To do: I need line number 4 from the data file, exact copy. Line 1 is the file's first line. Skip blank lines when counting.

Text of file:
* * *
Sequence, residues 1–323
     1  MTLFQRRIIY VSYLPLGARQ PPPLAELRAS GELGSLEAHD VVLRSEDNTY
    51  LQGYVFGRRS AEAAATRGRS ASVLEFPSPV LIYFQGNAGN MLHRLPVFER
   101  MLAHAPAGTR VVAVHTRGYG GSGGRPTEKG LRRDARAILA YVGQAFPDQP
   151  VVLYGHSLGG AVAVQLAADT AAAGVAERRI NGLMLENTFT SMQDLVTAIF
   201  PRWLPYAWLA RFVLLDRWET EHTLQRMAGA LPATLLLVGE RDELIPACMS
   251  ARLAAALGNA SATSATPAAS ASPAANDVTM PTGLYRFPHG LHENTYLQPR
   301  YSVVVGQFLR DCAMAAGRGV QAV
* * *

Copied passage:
   101  MLAHAPAGTR VVAVHTRGYG GSGGRPTEKG LRRDARAILA YVGQAFPDQP